1. Original Budo is the discipline for the samurai (warrior) to give devoted service and the charactor of Budo was established in Tokugawa era. 2. After the Meiji Restoration the samurai caste which was the basis of Budo ceased to exist, and Japan as a modern state learned much from western civilization. And among those introduced things to Japan, physical education or sports under the school system are not native to Japan as for the doctorine, and they are different type compared with the original Budo. Therefore, Budo was institutionalized into the physical school education carricula at the end of the Meiji Era. 3. During the Second World War, Budo was very much encouraged for prosecution of the war and it was an independent subject apart from physical exercises. But, after the war Budo was prohibited for a while, and later it was restored in school curricula as a democratic sport. But the nature of Original Budo will not be changed, however the situation. changes entirely as stated above. 4. The present school Budo as physical education or sports should be encouraged still more. It was derived from Orignal Budo in old days and reconstituted in new type. So, it is necessary to keep in mind the spirit and the tradition of Original Budo and to maintain and carry them on.
Though the International Judo Federation established the rule called “Koka”, the All Japan Judo Federation decided not to adopt it. In order to understand this conflict, we have to consider the process how the martial arts - their thought, spirit, and techniques - have been built up in Japan, in relation to modern sports. In the past, under special circumstances of Japan, the ideal of bushido or samurai spirit sprang from the martial arts, and they were bound up with those in authority. Even today, technically speaking, we have adopted all of the jujutsu-waza in modern Judo, even though we make most of nage-waza. Psychologically speaking, in the age of jujutsu, the style of “rei”, or formal greeting to one's opponent, was not more than a supplement, as it were. In our modern democratic times, this concept of “rei” has been changed into the one which stands for respect co-operation and so forth; moreover, “Kata”, or stylized performances, have been introduced. “Kata” possess the sense of the s pirit of rei, and are performed neither for the purpose of victory nor defeat. In other words, the quality of Judo is found in Japanese traditional culture, possessing strong ties with politics and society. In Judo we have pursued, both mentally and physically, morality, religion, the sense of art (that is, technique) and so forth. A rule is not always unchangeable, but rather it is to be modified bit by bit when necessary. In Judo too, there has been a tendency to decide the winner by points, although in the past it has been decided only “Ippon”. Thus we are now at a grave turning point. Should we acept the modification of rules only on condition that the essential quality of Judo is not changed? Or should we go on modifying the rules without considering the real quality of Judo, regarding Judo as just an ordinary competition sport?
The purpose of this paper is to clarify the characteristics of “Ki” (Energy), considered as being the most important concept in traditional theories on martial arts. From his readings and classification and arrangement of the “Ki” terms appearing in the typical works of swordsmen during the Edo era (AD 1600-1867), the author tries to clarify the characteristics of “Ki” in the Martial Arts. The results of this paper may be summarized as follows: 1) Swordsmen grasped the matter in relation to phenomenon and essence and not in relation to cause and effect. 2) They recognized that “Ki” controls not only their mind and body but also the whole creation. 3) They defined the concept of “Ki” as an abstract idea, functional ontological concept and the real existence which appeared in their mind and body. 4) They could have the intuition of the essence of “Ki” by training their body and mind in Martial Arts, especially in the situation where they were facing each other holding their Katana. 5) They solved the “mind-body” problem by means of the transformation of themselves through the mastering of “Ki”.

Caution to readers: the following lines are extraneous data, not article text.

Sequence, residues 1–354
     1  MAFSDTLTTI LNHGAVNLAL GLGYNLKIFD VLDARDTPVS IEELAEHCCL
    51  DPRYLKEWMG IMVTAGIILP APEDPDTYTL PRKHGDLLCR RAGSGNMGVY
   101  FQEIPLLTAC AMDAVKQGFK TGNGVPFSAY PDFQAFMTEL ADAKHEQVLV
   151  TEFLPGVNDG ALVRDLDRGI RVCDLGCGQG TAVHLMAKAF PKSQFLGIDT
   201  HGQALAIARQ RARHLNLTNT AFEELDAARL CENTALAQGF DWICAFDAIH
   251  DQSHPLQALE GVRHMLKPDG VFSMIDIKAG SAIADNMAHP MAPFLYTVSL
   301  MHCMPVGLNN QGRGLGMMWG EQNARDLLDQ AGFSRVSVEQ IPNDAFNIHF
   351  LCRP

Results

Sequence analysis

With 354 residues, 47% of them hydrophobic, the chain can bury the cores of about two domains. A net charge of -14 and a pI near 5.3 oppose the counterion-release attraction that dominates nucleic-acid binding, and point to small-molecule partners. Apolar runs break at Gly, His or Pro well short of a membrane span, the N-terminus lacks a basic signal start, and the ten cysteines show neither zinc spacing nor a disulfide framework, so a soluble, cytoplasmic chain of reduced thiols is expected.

245 of instructors in KARATE-DO at Senior High Schools were investigated by questionnaire on their value orientation through their training programs. The results were as follows: (1) Most of instructors in KARATE-DO clubs are not physical education teachers. (2) About 30% of Senior High Schools in sample have their KARATE-DO course in their physical education classes and so on. (3) According to our observation on the value orientation of training programs, high correlations among the appreciation of “the theory”, its application, and will for its improvement are recognized, and then the improvement of appreciation is followed by the improvement of instruction. (4) These inclinations above mentioned are clearly observed in the upper-levelled KARATEDO clubs rather than the lower-levelled ones. (5) It was recognized that training programs of the higher-levelled KARATE-DO clubs, whose instructors have good experiences in training and teaching of KARATE-DO, have approving trends in all aspects of aims, objectives, contents and so on.
The purpose of this study is to measure a duration required for defense and furthermore, to investigate the factors which govern an achievement of defense in Kendo. Eleven University Kendo players were employed as subjects. Action potential from biceps brachii and triceps brachii of the right arm and a strain of shinai generated at strike were recorded. Time elapsed from initiation of action potential up to the strain of shinai is regarded as duration for defense. There is no difference in the duration required for defense due to the level of skill. Therefore it is supposed that there are more important factors than duration of defense action as to the achievement of defense in Kendo.